Location: Systematic Entomology Laboratory
Project Number: 8042-22000-262-00-D
Project Type: In-House Appropriated
Start Date: Oct 1, 2010
End Date: Sep 30, 2015
ARS is interested in performing research to increase and enhance understanding of the systematics of flies (Diptera) important to agriculture and the environment, especially fruit flies, leaf-mining flies, tachinid flies, soldier flies, and wheat pests and their parasitoids. We will develop new identification tools (descriptions, diagnoses, molecular markers, illustrations, keys and computer identification systems), determine the correct names of species and higher taxa, and elucidate the relationships (phylogeny) and classification of select groups of these flies, which include invasive crop pests, parasitoids of plant pests, and potential biological control agents for weeds. The objectives of our project are: 1) Investigate the taxonomy and natural history of Central American and other New World fruit flies; analyze species concepts, develop diagnoses, descriptions, illustrations and identification keys, determine host plants, and analyze phylogenetic relationships; 2) Conduct molecular analysis of pest leaf-mining, galling, and fruit flies, and their parasitoids, including sequencing of DNA of previously unstudied species, development of diagnostic tools, and analysis of phylogenetic relationships; 3) Investigate taxonomy of New World tachinid flies and soldier flies; analyze species concepts, develop diagnoses, descriptions, illustrations and identification keys, and analyze phylogenetic relationships; 4) Provide scientific identifications of plant-feeding and other agriculturally important flies, and 5) Investigate and compile molecular characters for pests and beneficial insects within wheat and grassland habitats to document host patterns and discover possible cryptic species and host races.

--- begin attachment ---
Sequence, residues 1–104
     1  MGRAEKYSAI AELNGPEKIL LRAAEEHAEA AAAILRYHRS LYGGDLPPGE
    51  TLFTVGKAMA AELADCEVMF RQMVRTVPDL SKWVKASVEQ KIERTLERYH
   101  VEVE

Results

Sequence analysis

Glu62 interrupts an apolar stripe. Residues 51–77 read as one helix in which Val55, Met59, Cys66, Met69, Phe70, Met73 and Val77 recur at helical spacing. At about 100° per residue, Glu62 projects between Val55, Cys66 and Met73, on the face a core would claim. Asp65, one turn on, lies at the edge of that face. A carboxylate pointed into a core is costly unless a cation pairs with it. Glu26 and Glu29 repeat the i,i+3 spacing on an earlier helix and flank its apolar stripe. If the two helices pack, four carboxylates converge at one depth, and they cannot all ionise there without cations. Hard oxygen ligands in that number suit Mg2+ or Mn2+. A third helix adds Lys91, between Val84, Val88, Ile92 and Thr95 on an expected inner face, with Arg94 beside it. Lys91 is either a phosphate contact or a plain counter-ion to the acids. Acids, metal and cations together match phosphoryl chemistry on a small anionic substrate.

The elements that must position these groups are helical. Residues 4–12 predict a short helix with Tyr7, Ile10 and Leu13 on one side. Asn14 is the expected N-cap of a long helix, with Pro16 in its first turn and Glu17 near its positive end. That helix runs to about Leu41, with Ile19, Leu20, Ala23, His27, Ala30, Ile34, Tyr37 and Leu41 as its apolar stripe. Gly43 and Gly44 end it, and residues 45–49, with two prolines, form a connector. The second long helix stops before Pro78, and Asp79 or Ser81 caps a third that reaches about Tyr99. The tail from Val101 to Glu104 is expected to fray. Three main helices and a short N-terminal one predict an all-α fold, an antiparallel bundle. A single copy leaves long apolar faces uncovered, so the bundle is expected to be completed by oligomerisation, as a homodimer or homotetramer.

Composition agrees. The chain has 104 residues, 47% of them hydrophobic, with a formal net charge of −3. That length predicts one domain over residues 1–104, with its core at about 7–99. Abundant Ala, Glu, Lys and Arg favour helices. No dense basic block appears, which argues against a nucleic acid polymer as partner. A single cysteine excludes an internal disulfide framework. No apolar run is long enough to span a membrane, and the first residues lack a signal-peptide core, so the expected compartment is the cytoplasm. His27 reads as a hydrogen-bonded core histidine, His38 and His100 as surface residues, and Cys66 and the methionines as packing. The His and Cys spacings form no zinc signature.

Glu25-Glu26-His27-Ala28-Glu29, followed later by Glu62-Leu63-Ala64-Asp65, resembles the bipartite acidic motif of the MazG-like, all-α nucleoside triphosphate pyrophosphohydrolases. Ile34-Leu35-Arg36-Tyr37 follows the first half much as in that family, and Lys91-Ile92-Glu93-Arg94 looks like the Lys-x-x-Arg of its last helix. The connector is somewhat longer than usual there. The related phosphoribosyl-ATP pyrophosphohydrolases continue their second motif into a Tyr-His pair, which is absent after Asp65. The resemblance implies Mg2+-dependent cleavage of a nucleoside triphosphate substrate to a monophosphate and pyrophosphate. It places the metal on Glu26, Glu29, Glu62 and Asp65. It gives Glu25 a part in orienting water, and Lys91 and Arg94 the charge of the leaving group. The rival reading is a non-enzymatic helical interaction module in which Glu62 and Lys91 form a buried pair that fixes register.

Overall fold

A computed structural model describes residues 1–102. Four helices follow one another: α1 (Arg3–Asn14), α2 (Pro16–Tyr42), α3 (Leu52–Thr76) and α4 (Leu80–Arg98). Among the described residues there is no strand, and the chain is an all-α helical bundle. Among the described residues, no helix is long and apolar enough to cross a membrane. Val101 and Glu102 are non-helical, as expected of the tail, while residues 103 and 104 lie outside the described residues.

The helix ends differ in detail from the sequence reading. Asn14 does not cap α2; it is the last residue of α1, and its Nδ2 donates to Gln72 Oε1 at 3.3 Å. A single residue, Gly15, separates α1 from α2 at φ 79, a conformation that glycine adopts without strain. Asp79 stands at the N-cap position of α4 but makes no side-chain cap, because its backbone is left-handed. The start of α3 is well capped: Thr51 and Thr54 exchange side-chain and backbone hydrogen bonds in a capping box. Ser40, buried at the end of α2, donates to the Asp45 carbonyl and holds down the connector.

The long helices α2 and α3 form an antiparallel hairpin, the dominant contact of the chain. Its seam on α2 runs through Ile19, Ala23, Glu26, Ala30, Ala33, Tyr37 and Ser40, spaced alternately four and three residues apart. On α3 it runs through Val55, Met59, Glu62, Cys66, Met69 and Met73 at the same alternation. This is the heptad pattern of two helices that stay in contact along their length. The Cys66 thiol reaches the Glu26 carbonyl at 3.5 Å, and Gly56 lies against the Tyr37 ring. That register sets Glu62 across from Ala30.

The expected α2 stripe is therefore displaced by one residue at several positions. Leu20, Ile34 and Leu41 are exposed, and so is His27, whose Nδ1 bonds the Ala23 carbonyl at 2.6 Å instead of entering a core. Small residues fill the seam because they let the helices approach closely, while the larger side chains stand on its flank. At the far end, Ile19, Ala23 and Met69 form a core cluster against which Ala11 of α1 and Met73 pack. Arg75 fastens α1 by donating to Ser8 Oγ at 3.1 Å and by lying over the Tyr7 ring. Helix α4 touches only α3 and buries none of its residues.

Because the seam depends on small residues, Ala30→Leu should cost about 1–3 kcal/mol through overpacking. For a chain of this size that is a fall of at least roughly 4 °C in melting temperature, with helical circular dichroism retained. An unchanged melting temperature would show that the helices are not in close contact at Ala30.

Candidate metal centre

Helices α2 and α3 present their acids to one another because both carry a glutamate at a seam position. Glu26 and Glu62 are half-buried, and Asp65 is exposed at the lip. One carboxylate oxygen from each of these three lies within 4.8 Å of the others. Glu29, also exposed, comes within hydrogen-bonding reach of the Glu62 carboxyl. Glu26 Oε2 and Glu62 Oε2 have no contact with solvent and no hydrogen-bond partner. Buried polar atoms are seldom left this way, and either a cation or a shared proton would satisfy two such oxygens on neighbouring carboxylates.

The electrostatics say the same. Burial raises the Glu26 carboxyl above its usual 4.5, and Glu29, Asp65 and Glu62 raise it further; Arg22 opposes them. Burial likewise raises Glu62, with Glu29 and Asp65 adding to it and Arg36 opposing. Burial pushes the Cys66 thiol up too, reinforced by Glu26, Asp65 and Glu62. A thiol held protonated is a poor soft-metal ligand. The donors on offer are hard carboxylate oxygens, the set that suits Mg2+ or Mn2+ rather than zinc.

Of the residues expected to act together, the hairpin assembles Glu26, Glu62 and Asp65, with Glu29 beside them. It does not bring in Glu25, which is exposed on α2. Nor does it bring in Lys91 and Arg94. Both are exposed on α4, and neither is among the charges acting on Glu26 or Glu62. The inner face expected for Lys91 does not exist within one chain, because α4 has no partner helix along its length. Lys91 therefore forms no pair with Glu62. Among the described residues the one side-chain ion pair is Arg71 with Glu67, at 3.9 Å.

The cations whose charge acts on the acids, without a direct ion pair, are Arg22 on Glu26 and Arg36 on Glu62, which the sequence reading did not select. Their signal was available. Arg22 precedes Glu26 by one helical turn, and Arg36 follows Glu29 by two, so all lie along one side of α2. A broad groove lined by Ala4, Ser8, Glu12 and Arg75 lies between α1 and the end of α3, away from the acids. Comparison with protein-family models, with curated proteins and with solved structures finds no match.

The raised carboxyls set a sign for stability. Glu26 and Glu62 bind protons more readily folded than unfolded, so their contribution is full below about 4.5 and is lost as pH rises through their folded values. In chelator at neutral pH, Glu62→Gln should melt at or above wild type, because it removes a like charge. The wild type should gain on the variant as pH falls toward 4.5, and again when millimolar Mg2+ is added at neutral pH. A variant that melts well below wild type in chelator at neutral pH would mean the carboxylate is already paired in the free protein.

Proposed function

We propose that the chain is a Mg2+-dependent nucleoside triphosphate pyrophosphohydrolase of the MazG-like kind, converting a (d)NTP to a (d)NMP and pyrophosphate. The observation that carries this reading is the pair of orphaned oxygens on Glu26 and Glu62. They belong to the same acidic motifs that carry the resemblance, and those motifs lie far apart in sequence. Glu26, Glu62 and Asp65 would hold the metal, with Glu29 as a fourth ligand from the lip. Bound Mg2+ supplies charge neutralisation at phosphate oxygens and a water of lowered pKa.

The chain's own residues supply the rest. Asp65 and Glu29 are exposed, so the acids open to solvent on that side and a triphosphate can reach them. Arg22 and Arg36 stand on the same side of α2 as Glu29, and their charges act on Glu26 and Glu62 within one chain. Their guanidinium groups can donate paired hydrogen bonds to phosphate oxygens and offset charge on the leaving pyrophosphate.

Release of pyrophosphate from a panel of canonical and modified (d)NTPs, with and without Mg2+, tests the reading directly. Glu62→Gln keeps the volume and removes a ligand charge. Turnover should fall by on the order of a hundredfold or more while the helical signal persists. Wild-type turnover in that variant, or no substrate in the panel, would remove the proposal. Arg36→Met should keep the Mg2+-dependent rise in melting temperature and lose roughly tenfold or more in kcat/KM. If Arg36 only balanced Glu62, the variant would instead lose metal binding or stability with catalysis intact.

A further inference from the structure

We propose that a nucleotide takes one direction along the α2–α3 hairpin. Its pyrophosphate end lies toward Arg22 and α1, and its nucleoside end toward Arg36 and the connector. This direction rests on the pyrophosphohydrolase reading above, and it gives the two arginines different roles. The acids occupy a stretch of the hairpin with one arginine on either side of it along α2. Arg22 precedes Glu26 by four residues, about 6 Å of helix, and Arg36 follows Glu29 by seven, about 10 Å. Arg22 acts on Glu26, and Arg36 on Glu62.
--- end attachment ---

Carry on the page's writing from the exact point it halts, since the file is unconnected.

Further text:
ARS will undertake research to generate morphological and molecular characters (DNA sequences) that will be used to test species concepts and hypotheses of relationship among agriculturally important flies, wheat pests, and parasitoid wasps that attack them. These data also will be used to develop new diagnostic tools (descriptions, illustrations, keys) to permit more rapid and accurate identification of these flies, wasps, and wheat pests. Databases containing scientific names, distributions, taxonomic literature, and host plant and specimen data pertaining to fruit flies will be expanded and disseminated to the user community. These and other taxonomic tools will be made accessible to the public via publications, the internet, and other electronic media. Timely and accurate identifications of flies will be provided, including those intercepted at ports-of-entry by APHIS-PPQ or submitted by a wide range of scientists and regulatory agencies, and portions of the National Collection in the National Museum of Natural History, a vital tool for research and identification, will be maintained and expanded.